Nurse

Opportunity for Meaning: Why Becoming a Nurse Is More Relevant Today than Ever

The role played by nurses in healthcare is invaluable. But increasingly there has been difficulty filling in available positions. It’s a job that requires several different skills, and the schedule can be demanding. Imagine being on call to handle any number of tasks, staying focused and alert while working long or irregular hours, coming home with just enough time and energy to grab take-out food and dropping off dirty scrubs at the laundromat. Such a living takes dedication.

There is a growing demand for registered nurses in Missouri. According to a 2018 report, the vacancy rate across state hospitals is 13.3%.  In St. Charles, for example, projected employment for nurses is expected to grow 15% up to 2026. And figures for Missouri show that for the decade up to 2018, nurses had the top compensation among jobs with the most growth openings for that period, with an average annual wage of nearly $60,000.

The challenges of becoming a nurse

The qualifications to become a registered nurse can be challenging, as the job requires high standards. You need a degree in nursing or equivalent, from an accredited program – after which you’ll also need to pass the national licensure exam. Fortunately, the Missouri State Board of Nursing is implementing measures to address the gap by expanding nursing programs across the state. The opportunities to get into the field are only going to grow in the coming years.

However, being a nurse isn’t merely about obtaining the listed requirements. On the job, you’re going to exercise not just critical thinking and multitasking, but a range of emotional and communication skills, as you work on the frontlines of interaction with patients. It is vital that you bring energy and the ability to pay attention and respond appropriately to those in your care. These qualities are intangibles – they aren’t taught at school. Some people might innately possess them, but it is hard for others to acquire them.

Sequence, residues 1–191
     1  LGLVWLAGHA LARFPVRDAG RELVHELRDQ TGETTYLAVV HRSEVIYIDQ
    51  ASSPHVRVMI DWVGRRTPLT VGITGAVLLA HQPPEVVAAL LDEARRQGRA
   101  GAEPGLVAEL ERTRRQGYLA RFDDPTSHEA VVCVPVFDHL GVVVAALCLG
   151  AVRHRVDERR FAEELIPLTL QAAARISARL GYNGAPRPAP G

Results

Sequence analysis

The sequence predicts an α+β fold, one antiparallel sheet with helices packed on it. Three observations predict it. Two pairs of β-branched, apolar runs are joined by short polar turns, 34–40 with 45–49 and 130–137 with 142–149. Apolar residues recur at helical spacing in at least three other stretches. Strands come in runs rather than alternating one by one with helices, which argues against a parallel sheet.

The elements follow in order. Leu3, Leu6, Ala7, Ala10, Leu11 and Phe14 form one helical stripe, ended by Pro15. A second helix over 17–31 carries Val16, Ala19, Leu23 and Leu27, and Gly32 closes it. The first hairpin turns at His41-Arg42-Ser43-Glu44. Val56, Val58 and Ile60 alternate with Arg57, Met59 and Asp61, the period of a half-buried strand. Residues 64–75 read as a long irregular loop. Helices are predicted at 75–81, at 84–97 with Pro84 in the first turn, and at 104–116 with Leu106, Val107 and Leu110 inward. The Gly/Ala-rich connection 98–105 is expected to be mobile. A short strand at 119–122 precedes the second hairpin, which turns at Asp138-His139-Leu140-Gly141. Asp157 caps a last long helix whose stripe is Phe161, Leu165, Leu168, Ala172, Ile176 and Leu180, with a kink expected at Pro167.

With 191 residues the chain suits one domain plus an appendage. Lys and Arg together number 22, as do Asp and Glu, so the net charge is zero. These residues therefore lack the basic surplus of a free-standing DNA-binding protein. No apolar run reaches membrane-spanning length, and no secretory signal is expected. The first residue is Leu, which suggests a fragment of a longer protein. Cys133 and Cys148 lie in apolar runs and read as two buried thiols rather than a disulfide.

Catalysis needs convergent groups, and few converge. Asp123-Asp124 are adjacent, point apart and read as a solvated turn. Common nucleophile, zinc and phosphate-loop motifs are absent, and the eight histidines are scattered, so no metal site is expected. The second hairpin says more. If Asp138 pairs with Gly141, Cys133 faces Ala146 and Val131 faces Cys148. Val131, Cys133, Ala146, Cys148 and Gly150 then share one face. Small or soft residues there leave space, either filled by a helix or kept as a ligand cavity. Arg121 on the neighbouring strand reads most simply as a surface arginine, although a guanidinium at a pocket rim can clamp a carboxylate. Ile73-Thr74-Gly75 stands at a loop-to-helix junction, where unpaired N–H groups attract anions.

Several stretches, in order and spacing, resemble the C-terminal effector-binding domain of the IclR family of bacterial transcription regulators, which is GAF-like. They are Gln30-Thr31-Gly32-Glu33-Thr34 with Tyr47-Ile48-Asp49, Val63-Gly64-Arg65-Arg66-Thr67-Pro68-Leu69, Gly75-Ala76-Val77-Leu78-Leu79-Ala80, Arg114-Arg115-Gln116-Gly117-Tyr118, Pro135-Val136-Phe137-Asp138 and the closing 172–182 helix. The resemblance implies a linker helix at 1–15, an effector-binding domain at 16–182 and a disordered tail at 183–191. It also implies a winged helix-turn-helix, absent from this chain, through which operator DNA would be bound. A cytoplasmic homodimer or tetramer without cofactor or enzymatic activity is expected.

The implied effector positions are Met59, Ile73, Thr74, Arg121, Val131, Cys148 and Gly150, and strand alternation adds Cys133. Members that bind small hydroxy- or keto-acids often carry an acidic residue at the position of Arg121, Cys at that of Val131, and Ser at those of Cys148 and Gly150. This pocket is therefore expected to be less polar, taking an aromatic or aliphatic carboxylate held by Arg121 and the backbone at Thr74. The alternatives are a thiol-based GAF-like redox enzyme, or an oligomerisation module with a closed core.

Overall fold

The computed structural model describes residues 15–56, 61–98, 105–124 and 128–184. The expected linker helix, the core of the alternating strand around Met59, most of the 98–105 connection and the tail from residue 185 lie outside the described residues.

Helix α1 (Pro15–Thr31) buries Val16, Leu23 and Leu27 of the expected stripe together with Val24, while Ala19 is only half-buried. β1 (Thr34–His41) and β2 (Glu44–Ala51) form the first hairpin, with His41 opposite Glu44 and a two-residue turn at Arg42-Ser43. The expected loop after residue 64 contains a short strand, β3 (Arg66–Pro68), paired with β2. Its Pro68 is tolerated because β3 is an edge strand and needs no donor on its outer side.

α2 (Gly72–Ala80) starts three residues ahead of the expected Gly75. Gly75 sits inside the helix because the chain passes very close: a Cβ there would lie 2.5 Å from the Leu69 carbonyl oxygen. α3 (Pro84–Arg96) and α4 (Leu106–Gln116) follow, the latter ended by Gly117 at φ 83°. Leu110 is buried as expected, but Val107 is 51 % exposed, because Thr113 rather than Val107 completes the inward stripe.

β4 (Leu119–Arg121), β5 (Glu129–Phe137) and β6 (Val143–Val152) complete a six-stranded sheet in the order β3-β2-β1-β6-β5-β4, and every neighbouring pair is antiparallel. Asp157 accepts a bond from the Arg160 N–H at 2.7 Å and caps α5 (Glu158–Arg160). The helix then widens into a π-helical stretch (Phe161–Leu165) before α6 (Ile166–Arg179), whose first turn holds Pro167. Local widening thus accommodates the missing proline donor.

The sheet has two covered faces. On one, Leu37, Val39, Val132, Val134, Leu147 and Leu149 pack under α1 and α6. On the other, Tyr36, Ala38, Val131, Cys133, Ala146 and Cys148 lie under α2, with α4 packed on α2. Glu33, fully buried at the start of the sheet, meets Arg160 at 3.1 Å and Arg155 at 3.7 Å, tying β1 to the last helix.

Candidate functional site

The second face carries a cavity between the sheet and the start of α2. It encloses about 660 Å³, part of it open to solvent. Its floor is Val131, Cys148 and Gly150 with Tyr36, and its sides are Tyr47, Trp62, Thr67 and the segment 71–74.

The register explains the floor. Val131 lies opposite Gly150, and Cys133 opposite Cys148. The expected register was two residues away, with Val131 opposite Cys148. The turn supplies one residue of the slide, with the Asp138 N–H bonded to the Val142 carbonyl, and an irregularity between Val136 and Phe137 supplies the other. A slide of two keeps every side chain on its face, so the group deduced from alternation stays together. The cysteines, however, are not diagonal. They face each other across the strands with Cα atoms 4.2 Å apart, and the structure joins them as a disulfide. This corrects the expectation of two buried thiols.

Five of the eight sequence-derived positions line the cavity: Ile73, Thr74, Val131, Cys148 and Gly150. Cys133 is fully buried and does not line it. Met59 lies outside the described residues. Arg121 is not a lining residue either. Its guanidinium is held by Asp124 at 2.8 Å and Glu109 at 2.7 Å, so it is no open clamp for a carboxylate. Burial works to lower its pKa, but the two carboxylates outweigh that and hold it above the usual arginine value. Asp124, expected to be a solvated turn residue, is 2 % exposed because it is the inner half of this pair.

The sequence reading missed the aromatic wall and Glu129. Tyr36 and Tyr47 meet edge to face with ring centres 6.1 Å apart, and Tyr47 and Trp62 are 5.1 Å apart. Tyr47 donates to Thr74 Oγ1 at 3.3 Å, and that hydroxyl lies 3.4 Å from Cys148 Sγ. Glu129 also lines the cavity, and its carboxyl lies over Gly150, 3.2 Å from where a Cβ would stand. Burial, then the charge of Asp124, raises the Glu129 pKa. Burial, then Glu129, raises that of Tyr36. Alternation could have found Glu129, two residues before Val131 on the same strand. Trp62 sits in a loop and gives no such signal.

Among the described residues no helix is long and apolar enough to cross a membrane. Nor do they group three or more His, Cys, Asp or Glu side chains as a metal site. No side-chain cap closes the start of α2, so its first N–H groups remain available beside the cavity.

If you have ever experienced calling customer service and getting an indifferent reaction to your troubles, you’ll know how difficult it is for some people to show empathy. In healthcare where a person’s well-being is at stake, showing empathy is vital to getting a positive response. You need to communicate that you understand their concerns, and how you deliver the message is another part of the challenge. The good news is that these are skills and you can learn them if you work on improving yourself.

A sense of fulfillment

For all the challenges involved in being a nurse, perhaps the biggest reward is a greater sense of purpose and fulfillment. Nurses constantly exercise altruism and give their time and effort to people who most need their support.

Gaining a sense of purpose in our lives requires a sense of contribution to the world – even on a small level. As a nurse, you are able to witness firsthand the power of care and are constantly reminded of the role you play in easing the suffering of the sick and leading them towards recovery. This, in turn, gives you more resilience and motivation to continue in service.

In a world where stress and status anxiety has led to many young people drifting in search for more meaningful experiences in life, becoming a nurse is one of the most potentially fulfilling occupations you can seek out and make a difference in society.